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Red Hat Enterprise Linux 6 Essentials eBook now available in PDF and ePub formats for only $9.99
RHEL 6 Essentials contains 40 chapters and over 250 pages.

Chapter 14. KVM guest timing management

Virtualization poses various challenges for guest time keeping. Guests using the Time Stamp Counter (TSC) as a clock source may suffer timing issues as some CPUs do not have a constant Time Stamp Counter. Guests without accurate timekeeping may have issues with some networked applications and processes as the guest will run faster or slower than the actual time and fall out of synchronization.
KVM works around this issue by providing guests with a para-virtualized clock. Alternatively, some guests may use other x86 clock sources for their timing in future versions of those operating systems.
Guests can have several problems caused by inaccurate clocks and counters:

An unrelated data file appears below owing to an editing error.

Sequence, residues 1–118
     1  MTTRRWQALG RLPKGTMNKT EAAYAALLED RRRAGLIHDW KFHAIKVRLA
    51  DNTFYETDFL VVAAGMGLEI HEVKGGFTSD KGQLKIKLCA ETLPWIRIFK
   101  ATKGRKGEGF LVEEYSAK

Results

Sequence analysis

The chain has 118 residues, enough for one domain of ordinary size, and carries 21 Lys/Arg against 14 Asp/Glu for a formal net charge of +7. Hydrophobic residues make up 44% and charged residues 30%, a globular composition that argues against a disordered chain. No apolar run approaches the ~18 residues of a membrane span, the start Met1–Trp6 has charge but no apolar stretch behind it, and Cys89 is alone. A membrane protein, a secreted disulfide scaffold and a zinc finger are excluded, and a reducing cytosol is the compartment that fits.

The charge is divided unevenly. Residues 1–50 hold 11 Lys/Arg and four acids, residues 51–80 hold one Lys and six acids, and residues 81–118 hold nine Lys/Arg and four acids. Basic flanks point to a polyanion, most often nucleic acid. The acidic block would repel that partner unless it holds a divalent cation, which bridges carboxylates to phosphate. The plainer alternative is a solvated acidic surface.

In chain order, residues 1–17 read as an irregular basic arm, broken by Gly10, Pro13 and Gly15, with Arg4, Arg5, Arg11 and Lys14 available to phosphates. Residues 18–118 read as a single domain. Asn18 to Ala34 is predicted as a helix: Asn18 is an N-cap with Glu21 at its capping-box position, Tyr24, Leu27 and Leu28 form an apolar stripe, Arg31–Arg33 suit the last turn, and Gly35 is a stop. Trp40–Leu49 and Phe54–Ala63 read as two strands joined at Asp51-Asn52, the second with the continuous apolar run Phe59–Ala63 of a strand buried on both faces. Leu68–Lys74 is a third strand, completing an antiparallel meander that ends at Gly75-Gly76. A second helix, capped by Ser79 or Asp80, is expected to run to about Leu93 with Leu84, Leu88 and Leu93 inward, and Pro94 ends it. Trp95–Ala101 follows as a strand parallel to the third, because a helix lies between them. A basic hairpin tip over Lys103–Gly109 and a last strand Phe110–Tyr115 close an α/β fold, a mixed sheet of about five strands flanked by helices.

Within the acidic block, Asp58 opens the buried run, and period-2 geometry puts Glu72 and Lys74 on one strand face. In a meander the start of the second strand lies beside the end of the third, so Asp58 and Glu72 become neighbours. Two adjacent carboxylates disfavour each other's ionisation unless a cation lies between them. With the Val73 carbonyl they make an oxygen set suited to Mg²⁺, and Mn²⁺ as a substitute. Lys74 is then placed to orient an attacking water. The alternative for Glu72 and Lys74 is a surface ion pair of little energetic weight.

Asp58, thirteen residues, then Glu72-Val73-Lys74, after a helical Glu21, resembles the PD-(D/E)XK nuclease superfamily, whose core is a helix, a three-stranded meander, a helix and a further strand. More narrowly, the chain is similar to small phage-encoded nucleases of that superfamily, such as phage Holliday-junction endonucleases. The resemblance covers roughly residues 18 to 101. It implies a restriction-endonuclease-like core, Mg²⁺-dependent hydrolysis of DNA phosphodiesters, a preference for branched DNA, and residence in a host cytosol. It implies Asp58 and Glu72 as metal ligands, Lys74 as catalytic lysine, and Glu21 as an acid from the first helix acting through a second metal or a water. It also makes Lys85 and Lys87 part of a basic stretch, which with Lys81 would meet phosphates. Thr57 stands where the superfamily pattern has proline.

• Clocks can fall out of synchronization with the actual time which invalidates sessions and affects networks.
  • Guests with slower clocks may have issues migrating.
These problems exist on other virtualization platforms and timing should always be tested.

NTP

The Network Time Protocol (NTP) daemon should be running on the host and the guests. Enable the ntpd service:
# service ntpd start
Add the ntpd service to the default startup sequence:
# chkconfig ntpd on
Using the ntpd service should minimize the affects of clock skew in all cases.
Determining if your CPU has the constant Time Stamp Counter
Your CPU has a constant Time Stamp Counter if the constant_tsc flag is present. To determine if your CPU has the constant_tsc flag run the following command: